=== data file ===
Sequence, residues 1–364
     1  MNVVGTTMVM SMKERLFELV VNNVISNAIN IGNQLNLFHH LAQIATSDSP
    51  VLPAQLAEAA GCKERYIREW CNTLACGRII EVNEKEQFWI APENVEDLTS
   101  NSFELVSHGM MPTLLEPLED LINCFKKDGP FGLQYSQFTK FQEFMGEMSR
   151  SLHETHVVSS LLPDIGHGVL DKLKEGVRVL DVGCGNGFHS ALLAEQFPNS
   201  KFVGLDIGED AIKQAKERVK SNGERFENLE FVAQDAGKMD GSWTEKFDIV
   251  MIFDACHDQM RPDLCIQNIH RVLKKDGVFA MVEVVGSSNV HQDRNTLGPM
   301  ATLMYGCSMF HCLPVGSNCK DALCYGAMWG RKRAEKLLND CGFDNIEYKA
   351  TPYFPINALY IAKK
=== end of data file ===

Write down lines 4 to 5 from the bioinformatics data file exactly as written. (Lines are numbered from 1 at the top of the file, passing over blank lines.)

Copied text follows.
   101  NSFELVSHGM MPTLLEPLED LINCFKKDGP FGLQYSQFTK FQEFMGEMSR
   151  SLHETHVVSS LLPDIGHGVL DKLKEGVRVL DVGCGNGFHS ALLAEQFPNS